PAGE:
The Book Is Dead, theage.com.au
Although it is hard for many of us to emotionally detach ourselves from the book as an incredible medium, what with all its historical contributions to humanity, we must admit that the concept of the book as the best delivery system for knowledge and information is, in fact, dead.
We are moving toward an ever growing differentiation between the book as object versus content delivery system. As this occurs, we cannot ignore the fact that our lives have been shifting dramatically toward a digitalized experience. This shift is happening not just for the sake of technology; it is happening because we--as in, society--are changing, as is our behavior.
We continually push our creativity to invent an ever changing dynamic of how we deal with the things that surround around us. We are still taking pictures, writing letters, calling friends, watching TV and films, reading newspapers, magazines, and books, going to parties, walking on the beach, playing games, and so on. What has fundamentally changed, however, is how we do all these things. And what we are doing, precisely, is redesigning the experience of all the above, or at least how we go about doing them. This has been evident for some time, so there should no longer be reason for panic.
Our society has changed the focus from hardware to software, the main difference being that with software, there is (potentially) never a final product. It is always evolving, there is always something more to be done, and updating is a norm. Software is probably the only product we buy (or use), knowing that it actually doesn't do everything it promises. But it is usually the best product you can get for what you are trying to accomplish, and it will still help you anyway. When new features are added, you are usually happier. The pressure to deliver a final product in hardware, on the other hand, is enormous, and the chance to resell a better version is very limited for most products. Hardware, in the case of books, is acquiring a new function, primarily as an object, something to be enjoyed and treasured in a completely different way. This change in function and functionality is definitely not exclusive to books. If we look at how radios, television, magazines, and newspapers have changed over the last 50 years, it is a phenomenon. Having gone through the requisite evolutions, they're all still here.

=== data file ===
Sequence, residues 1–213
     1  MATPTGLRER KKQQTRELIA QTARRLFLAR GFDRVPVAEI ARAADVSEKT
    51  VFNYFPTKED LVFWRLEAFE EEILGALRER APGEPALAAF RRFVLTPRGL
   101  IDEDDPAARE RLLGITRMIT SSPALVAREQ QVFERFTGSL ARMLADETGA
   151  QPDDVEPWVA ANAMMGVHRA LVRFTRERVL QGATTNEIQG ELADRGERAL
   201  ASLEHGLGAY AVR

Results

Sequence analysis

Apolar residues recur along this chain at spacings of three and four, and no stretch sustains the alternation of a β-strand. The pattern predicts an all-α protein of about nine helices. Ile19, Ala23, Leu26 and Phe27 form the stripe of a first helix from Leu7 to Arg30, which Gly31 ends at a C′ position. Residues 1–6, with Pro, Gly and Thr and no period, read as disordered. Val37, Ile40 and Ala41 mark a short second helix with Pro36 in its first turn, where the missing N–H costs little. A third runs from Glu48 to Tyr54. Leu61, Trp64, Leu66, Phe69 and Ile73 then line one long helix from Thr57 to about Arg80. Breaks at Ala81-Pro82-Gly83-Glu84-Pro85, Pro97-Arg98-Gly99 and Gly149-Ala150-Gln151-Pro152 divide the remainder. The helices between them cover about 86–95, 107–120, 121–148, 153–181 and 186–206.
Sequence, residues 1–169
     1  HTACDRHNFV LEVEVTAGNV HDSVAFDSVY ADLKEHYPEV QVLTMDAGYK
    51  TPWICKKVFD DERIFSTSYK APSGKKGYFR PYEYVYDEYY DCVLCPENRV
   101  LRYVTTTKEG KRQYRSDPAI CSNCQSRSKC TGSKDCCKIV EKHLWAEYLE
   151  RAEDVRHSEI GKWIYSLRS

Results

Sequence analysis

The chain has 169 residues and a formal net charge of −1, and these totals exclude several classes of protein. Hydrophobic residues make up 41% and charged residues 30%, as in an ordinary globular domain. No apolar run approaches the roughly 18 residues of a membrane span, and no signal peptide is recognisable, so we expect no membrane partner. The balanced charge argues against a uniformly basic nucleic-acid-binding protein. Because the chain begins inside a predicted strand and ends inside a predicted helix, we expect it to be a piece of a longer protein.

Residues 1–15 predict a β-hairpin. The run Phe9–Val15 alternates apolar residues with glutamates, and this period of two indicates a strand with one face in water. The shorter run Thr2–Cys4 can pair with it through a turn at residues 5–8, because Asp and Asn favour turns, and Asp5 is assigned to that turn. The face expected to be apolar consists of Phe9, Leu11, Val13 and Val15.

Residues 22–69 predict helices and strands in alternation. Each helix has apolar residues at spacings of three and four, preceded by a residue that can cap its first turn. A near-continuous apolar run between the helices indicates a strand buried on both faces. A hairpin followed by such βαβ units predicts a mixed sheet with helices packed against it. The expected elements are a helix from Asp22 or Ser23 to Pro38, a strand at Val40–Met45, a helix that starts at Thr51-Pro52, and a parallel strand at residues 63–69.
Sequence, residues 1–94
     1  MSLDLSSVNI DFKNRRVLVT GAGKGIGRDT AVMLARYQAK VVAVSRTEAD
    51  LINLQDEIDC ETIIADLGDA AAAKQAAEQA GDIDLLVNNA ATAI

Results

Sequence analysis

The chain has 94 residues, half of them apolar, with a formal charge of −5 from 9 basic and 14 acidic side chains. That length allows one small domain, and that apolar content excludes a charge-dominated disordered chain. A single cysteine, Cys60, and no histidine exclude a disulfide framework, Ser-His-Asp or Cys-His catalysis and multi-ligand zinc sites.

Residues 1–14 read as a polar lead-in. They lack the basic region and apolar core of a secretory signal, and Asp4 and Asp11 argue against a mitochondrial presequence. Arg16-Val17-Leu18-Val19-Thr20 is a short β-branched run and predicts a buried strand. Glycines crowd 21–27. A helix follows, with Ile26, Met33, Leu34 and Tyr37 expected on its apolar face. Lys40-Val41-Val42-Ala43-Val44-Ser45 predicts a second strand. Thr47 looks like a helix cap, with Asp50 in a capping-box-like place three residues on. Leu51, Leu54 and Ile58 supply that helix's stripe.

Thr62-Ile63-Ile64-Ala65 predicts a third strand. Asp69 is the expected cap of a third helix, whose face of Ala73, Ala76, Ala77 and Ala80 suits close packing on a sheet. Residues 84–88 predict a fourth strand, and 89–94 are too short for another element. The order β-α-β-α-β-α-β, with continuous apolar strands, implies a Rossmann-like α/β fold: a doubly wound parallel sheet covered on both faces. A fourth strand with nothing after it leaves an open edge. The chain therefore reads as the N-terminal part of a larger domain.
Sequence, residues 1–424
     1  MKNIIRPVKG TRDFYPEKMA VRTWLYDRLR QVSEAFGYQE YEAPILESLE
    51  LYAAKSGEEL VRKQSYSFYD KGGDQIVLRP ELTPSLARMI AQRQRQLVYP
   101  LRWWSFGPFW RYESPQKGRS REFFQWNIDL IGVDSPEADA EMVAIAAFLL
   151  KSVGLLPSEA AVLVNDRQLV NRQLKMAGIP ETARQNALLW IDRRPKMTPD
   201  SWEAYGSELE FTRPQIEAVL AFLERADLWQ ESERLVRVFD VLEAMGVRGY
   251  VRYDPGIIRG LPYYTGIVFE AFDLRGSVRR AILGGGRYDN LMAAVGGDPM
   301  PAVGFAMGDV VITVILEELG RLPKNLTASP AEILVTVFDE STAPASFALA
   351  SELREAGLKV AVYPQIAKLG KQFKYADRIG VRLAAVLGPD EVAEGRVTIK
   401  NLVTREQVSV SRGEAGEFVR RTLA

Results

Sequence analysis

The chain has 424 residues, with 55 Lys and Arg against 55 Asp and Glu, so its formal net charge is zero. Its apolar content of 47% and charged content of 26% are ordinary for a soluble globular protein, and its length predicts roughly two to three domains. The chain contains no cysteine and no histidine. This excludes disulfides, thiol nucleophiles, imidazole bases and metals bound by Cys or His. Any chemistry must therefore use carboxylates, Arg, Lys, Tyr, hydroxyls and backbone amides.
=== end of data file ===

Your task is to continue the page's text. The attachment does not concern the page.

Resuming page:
When focusing on book publishing, however, which is something I have done for the last 10 years, the possibilities are many. In The Gutenberg Parenthesis, as pointed out by Professor Thomas Pettitt in Sweden, "Change is inevitable. It is all going to change whether the industry wants it or not, so we better embrace it in order to see the opportunities." For printed books, it means the return of craft, also a great opportunity for designers. The object will matter more and more. Paper, textures, special colors, formats, blocking, hot stamping, and all other things that are just possible in print will be explored at their best. The object should give you an incomparable experience, something the digital might never achieve. As far as digital goes, it is all changing very rapidly. In a few years, the notion of a publishing house will change dramatically. Self-publishing is becoming major, and as in music, the idea that you need a publisher to "be someone" out there is changing fast. A book that weights 20 pounds can offer an amazing visual and tactile experience (as pointed out previously), but you won't take it to your bed to read. It might have amazing texts written by top writers, but probably only 5% of the buyers are going to read them. This is where digital comes in.
Courtesy of TASCHEN
So we might end up with two versions of content delivery where one holds as much value as the other. They are just different. Some people might have both, but mostly, people will choose one, according to age, lifestyle, appreciation, taste, intent, accessibility, and other factors. Ultimately, we as an industry are all competing for people's time. And competition has become completely non-linear, meaning that the decision to go to a cafe, to buy a book, or to spend time on Facebook have the same importance, even though they are completely different things.
The challenge is also finding a new business model, and finding a way to finance it. Some sort of commerce, one way or the other, sooner or later, will always be the main way to support innovation. The models are many: single advertising, purchase, subscription, percentage of sales, pay-per-click, you name it. There are plenty of ways to finance things as long as the content is worth people's time. DIY is also a current. If we do not supply the market, someone else will. Users take the time to scan hundreds of pages, convert them to PDFs, create indexes, and post on file-sharing sites. If we do not do it (and do it much better), it's a missed opportunity. There is a pent-up demand out there and customers are hungry for that. The faster mobile devices get to the market, the more chances we have to succeed. As my friend Robbie Bush rightly defined to me, digital publishing these days is the wild west of media. It is a completely open territory. We now have the capability to completely redesign the experience of what we once knew as books. There is plenty of work to do, which is an exciting prospect for all designers, from those who favor the classic, beloved book to those who have moved on to the exciting new tablets. We are witnessing the rebirth of the book--let's enjoy it.
Courtesy of TASCHEN
Julius Wiedemann is the Executive Editor for Design and Director for Digital Publications at TASCHEN, the leading publisher in the arts. The article was written on an iPad, on a flight from New York to Sofia, Bulgaria, where Wiedemann was going to meet developers of iPad Apps.
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